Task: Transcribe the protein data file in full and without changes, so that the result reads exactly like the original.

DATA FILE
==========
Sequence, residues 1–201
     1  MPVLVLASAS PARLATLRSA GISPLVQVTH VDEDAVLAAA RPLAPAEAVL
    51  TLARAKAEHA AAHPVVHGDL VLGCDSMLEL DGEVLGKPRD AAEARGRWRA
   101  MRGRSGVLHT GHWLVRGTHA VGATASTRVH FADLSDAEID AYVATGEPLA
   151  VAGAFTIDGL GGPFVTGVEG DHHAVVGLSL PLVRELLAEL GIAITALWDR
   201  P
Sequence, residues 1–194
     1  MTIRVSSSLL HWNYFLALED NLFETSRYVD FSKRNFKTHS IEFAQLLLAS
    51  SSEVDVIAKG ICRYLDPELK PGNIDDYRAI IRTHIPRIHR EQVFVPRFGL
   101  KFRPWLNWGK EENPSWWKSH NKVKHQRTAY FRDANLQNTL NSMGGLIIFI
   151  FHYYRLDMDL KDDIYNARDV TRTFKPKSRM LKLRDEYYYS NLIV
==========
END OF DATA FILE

Sequence, residues 1–201
     1  MPVLVLASAS PARLATLRSA GISPLVQVTH VDEDAVLAAA RPLAPAEAVL
    51  TLARAKAEHA AAHPVVHGDL VLGCDSMLEL DGEVLGKPRD AAEARGRWRA
   101  MRGRSGVLHT GHWLVRGTHA VGATASTRVH FADLSDAEID AYVATGEPLA
   151  VAGAFTIDGL GGPFVTGVEG DHHAVVGLSL PLVRELLAEL GIAITALWDR
   201  P
Sequence, residues 1–194
     1  MTIRVSSSLL HWNYFLALED NLFETSRYVD FSKRNFKTHS IEFAQLLLAS
    51  SSEVDVIAKG ICRYLDPELK PGNIDDYRAI IRTHIPRIHR EQVFVPRFGL
   101  KFRPWLNWGK EENPSWWKSH NKVKHQRTAY FRDANLQNTL NSMGGLIIFI
   151  FHYYRLDMDL KDDIYNARDV TRTFKPKSRM LKLRDEYYYS NLIV